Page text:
News Round-up

Fish bowl

Kedah, Malaysia’s rice bowl, is also working towards becoming the country’s fish bowl, reports Sira Habibu in The Star. The State is now aggressively promoting the caged-fish rearing industry.

Minister Datuk Seri Mahdzir Khalid said there were plans to set up at least 1,000 fish cages in Merbok and Langkawi districts by the end of the year.

“We are aggressively pushing this business through joint ventures between subsidiaries of government-linked companies and fishermen associations, he said. Kedah is taking an integrated approach to promote the business. The private sector, fishermen associations, the Malaysia Fisheries Development Board, the Fisheries Department and individuals will be roped in, he said, after presenting 82 boats to Kedah tsunami victims on behalf of Proton Holdings Bhd. The boats were presented to fishermen who did not receive any compensation for their boats which were totally damaged in the 26 December 2004 Indian Ocean tsunami.

Biz plans

Three Thai companies plan to invest around US$150 mn in the fisheries sector in Indonesia, Fisheries and Marine Resources Minister Freddy Numberi said. He said nine more foreign companies would follow suit soon.

The minister said the government had decided that any enterprise wishing to operate in fisheries, especially in the Exclusive Economic Zone (EEZ) had to set up a processing industry under its management.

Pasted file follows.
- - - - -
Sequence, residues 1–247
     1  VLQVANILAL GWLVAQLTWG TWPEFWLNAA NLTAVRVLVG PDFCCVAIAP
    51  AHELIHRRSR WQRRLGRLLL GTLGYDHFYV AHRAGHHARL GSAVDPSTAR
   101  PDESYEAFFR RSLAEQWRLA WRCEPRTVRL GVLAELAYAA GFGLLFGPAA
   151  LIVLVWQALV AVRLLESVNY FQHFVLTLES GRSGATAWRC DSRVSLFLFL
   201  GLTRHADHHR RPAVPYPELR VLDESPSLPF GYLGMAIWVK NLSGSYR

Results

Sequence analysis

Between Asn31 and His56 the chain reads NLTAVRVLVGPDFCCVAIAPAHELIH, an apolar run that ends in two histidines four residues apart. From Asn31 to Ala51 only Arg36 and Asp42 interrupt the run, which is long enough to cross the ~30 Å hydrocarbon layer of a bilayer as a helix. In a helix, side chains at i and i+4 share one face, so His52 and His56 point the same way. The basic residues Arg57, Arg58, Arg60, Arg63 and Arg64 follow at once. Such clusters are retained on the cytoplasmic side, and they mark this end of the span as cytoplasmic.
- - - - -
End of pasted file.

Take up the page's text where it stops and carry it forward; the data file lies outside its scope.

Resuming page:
“The policy is aimed at promoting the implementation of responsible fishing for the interest of the Indonesian people, he said.

He said the integration of fishing and fish-processing industry was expected to be able to increase the added value of fishery products, employment, foreign exchange earnings and growth of other ancillary fishery industries.

The Indonesian government would only give fishing permits to foreign companies if they had industries in their countries of origin to process their catch. He said foreign companies who wished to set up an industry in Indonesia had to co-operate with local fishery companies and the cooperation must benefit the local companies.

Cancer scare

South Korea continues to have worries over contamination of imported farmed fish. The carcinogenic dye malachite green is still to be found in marine products imported from China and other nations despite a huge scandal over contamination last year.